Unicompartmental Knee Arthroplasty: Ten- to 13-Year Follow-up Study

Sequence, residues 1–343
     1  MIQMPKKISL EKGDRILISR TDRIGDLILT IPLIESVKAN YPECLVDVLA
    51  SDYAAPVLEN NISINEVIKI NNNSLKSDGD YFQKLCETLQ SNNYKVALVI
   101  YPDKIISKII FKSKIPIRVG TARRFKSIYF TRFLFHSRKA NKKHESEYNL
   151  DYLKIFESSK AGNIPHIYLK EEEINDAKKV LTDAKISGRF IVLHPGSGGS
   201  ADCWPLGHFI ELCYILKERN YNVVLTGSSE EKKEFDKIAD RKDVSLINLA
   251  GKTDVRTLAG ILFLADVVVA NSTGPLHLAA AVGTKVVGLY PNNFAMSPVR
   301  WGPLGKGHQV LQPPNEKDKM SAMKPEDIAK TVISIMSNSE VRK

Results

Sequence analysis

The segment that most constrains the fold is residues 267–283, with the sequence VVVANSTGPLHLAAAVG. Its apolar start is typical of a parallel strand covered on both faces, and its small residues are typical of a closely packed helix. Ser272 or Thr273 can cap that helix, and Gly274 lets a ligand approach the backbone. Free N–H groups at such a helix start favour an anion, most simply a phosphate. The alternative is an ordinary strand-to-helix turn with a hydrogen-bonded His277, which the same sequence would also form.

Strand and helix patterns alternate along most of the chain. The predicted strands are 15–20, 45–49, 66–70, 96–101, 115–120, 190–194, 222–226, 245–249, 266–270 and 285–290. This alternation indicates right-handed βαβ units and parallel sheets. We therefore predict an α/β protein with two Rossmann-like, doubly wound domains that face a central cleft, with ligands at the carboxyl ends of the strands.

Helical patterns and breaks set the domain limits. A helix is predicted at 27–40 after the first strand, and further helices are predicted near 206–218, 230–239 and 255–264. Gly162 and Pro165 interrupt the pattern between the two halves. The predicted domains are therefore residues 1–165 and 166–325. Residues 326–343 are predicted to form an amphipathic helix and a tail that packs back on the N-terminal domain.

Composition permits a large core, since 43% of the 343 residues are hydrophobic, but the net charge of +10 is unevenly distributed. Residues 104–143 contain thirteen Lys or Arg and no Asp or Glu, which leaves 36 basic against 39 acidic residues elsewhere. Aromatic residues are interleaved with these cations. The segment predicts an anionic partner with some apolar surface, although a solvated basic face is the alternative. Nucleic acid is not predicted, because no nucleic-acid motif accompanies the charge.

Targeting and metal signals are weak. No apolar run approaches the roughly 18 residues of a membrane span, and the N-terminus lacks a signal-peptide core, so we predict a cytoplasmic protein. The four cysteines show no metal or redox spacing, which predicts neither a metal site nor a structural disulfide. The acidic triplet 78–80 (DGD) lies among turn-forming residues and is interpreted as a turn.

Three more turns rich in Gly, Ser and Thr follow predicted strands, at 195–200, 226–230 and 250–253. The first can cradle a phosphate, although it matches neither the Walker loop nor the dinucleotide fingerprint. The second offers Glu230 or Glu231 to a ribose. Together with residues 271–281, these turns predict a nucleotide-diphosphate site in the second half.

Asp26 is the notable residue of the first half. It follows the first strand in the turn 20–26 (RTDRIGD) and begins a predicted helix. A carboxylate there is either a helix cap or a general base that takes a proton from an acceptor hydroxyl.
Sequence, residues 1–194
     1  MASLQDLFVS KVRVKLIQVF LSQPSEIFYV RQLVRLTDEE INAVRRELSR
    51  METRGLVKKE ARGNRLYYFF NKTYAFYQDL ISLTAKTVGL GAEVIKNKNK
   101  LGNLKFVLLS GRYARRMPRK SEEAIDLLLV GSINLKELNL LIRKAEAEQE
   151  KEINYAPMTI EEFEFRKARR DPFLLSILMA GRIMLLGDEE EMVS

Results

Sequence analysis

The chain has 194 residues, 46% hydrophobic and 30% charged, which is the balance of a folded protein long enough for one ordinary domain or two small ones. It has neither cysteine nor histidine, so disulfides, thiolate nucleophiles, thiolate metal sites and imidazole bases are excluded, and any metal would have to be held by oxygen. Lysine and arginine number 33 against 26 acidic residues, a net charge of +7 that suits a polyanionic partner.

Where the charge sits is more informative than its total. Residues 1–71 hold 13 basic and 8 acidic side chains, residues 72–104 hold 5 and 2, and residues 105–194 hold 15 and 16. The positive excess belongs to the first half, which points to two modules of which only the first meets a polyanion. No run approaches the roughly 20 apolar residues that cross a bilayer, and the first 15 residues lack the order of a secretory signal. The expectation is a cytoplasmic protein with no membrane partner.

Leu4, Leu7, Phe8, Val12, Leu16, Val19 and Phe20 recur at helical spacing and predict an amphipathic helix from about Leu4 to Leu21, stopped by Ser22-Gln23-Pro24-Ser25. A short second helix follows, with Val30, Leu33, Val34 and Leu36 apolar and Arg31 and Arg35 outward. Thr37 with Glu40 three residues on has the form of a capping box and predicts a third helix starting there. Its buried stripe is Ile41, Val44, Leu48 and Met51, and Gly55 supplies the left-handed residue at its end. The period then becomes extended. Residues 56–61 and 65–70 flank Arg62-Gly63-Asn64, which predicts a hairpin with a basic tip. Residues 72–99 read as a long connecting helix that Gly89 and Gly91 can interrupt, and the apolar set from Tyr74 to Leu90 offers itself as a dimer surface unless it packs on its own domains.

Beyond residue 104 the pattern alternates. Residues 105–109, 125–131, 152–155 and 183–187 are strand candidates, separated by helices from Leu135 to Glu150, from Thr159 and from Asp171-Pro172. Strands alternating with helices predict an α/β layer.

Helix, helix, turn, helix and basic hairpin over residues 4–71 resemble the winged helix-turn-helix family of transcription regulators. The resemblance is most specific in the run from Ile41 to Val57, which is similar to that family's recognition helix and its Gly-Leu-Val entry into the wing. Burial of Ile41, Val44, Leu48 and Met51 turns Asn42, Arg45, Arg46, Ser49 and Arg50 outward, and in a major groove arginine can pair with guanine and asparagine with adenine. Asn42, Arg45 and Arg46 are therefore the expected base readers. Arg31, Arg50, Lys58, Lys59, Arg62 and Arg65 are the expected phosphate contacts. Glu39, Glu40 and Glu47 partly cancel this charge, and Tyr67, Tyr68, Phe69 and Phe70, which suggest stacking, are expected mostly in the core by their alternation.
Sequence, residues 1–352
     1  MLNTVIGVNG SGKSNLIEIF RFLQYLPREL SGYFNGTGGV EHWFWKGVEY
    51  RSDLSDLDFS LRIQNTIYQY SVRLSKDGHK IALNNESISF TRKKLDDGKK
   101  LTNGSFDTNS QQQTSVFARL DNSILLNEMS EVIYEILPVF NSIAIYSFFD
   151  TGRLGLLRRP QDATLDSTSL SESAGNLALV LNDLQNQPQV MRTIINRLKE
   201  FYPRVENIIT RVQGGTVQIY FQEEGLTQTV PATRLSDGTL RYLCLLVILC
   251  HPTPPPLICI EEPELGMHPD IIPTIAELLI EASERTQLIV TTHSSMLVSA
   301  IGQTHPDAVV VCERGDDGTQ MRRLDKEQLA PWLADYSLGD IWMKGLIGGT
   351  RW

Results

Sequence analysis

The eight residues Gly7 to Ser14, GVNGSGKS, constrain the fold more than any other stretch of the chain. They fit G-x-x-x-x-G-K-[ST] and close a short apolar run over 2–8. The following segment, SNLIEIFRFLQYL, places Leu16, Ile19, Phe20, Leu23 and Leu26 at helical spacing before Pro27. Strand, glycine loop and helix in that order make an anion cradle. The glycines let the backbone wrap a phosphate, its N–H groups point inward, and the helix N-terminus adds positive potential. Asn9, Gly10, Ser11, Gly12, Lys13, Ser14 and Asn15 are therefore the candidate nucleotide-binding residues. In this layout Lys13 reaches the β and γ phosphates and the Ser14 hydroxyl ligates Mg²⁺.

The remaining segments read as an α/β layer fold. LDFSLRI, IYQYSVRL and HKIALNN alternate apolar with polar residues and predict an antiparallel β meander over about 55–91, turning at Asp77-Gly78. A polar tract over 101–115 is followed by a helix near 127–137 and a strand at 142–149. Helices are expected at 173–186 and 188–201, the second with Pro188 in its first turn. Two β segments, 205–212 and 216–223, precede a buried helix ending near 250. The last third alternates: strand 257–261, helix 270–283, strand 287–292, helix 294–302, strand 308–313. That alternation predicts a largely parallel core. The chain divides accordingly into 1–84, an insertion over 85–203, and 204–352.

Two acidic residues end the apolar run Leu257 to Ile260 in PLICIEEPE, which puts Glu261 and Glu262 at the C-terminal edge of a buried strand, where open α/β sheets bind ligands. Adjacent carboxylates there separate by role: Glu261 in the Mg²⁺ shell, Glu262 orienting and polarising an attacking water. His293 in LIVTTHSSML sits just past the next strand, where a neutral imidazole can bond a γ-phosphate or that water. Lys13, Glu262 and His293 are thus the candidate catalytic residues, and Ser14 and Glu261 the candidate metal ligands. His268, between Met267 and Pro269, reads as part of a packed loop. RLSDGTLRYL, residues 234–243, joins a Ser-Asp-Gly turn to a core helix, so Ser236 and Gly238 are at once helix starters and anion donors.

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In the past decade, two concepts have caused considerable controversy in orthopedic surgery of the knee. Some orthopedic centers contend that osteotomy of the tibia is the procedure of choice for unicompartmental gonarthrosis of the knee and resist the concept of unicompartmental arthroplasty. The other concept is that if unicompartmental arthroplasty is necessary, the entire joint should be replaced, since the uninvolved compartment may develop arthritis in the future. This concept is illogical and contrary to the basic orthopedic principle of preserving normal structures whenever possible. It is obvious that joint replacements may not last the life of the patient and the need for revision must be considered; therefore, the original procedure should preserve as much bone stock as possible. The purposes of this review of unicompartmental replacement are to resolve these questions with data on long-term results of unicompartmental arthroplasty compared with data on high tibial osteotomy, to evaluate the cause of failures, and to improve future results. Eighty-seven consecutive unicompartmental arthroplasties were performed between November 1972 and April 1976. There were 60 knees available for study, with a minimum ten-year (average, 11-year) follow-up period. The results were evaluated using the Hospital for Special Surgery rating system, with 30 excellent, eight good, four fair, and 18 poor results. Seventy percent of the patients had satisfactory results, and pain relief was accomplished in 86.6% of patients. Of the 21 failures, the majority were due to material or technical problems and improper selection of the patients. Long-term follow-up study of unicompartmental arthroplasty in this series, including a review of the literature, reveals that high tibial osteotomy has been less satisfactory than unicompartmental arthroplasty. The controversy between high tibial osteotomy and unicompartmental arthroplasty should not exist; each procedure has specific indications. The morbidity and complications are much greater with high tibial osteotomy. Unicompartmental arthroplasty is a valuable procedure for treatment of the knee and an alternative to high tibial osteotomy, especially in elderly patients.

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